Aaron Krumheuer | Staff Writer
To kick off their week-long stay at Chautauqua, poet-in-residence Aimee Nezhukumatathil and writer-in-residence Ron MacLean will both read selections from their work at 3:30 p.m. Sunday on the front porch of Alumni Hall.
Nezhukumatathil is an associate professor of English at SUNY Fredonia in Fredonia, N.Y. She is the author of three collections of poetry, At the Drive-In Volcano, Miracle Fruit and most recently, Lucky Fish.
In 2009, she was awarded a National Endowment for the Arts Literature Fellowship in poetry. She also has won a Balcones Poetry Prize, a ForeWord Magazine Book of the Year Award and a Global Filipino Award.
Throughout the week, Nezhukumatathil will teach the essential tools, like imagery, rhythm, form and sound, for getting started in poetry during her workshop “The Gladness (and Sadness) of Nature: Poetry for Beginners.”
She will focus on finding poetry in the natural world and teaching attendees how to record their thoughts in a nature journal.
Although many workshop classes at the Writers’ Center are geared toward poets with finished poems, Nezhukumatathil’s workshop will be an introduction to the process of writing and revision, said Clara Silverstein, program director for the Writers’ Center.
“She’s a very inclusive, friendly teacher for a workshop geared toward beginners,” Silverstein said. “It’s very welcoming for people who may be new to poetry.”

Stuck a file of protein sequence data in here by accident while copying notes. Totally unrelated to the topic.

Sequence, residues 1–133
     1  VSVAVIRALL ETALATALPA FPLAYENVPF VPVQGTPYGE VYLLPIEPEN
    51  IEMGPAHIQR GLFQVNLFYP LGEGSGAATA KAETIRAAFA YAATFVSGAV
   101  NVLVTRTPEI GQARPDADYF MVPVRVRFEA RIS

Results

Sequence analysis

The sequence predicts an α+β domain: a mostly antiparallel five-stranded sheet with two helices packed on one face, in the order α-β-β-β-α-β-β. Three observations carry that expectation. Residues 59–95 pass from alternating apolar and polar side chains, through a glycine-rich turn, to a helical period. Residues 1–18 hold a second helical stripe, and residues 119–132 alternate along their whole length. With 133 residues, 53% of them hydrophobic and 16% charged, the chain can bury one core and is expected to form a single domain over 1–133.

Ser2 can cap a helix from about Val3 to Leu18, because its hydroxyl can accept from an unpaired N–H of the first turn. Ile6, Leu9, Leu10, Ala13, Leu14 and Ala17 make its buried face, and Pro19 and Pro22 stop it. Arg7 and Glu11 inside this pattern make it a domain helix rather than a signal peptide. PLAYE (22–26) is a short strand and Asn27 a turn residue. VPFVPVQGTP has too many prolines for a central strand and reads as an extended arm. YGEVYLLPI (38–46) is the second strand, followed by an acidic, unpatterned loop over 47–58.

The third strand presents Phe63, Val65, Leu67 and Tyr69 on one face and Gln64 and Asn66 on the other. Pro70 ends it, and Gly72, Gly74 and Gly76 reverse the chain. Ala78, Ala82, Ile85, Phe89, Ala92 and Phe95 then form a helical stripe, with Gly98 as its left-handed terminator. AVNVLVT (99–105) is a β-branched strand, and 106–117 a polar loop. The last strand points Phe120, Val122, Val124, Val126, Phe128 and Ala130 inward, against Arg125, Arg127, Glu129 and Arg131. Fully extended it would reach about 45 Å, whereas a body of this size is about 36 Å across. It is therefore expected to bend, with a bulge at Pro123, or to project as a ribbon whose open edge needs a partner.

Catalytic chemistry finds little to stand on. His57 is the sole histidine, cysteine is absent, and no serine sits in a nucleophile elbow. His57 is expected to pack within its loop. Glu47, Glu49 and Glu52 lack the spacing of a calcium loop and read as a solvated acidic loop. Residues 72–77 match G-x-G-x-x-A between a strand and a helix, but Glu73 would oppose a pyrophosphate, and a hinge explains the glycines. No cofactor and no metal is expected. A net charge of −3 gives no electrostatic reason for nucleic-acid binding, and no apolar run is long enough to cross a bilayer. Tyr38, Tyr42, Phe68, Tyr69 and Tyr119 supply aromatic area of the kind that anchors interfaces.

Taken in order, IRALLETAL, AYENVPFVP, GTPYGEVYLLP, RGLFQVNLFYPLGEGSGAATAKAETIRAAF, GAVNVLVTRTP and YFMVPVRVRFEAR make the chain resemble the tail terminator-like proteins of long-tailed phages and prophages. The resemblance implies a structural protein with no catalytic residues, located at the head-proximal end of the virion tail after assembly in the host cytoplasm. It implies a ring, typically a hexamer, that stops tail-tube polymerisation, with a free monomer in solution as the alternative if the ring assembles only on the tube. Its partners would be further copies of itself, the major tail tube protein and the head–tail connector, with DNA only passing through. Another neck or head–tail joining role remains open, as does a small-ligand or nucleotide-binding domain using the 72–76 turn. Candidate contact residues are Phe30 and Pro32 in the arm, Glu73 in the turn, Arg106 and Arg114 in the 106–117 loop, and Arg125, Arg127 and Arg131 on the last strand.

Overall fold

The second writer-in-residence, MacLean, is a journalist-turned-author, a recipient of the Frederick Exley Award for Short Fiction and a multiple Pushcart Prize nominee. He teaches at the independent writers’ center Grub Street in Boston and is the author of one novel, Blue Winnetka Skies, and a book of short stories called Why the Long Face? His stories have appeared in Drunken Boat, Fiction International, Night Train and GQ, among other publications.
MacLean will lead the workshop “Guided by Voice,” an exploration into the meaning and use of the often confusing guide of fiction.
“The simplest way to describe it is, the point of view is the camera, the perspective from which things get seen,” MacLean said. “The voice is really much more about the head and the heart that are attached to that camera, those eyes.”
Workshop attendees will spend the week attempting to discern the voice from the point of view, as well as finding the qualities of a good voice and how to cultivate them in their writing. It is a key part of MacLean’s writing process and how he teaches, he said.
“Every story should have its unique voice,” he said. “The structure of the piece, the content and the voice should be tailored to exactly what that story is and what it’s about, its own unique take on things,” MacLean said. “I try, when I sit down to work on a short story, to have everything about each piece be organic to what that piece is about, to make it come alive as specifically and uniquely as possible.”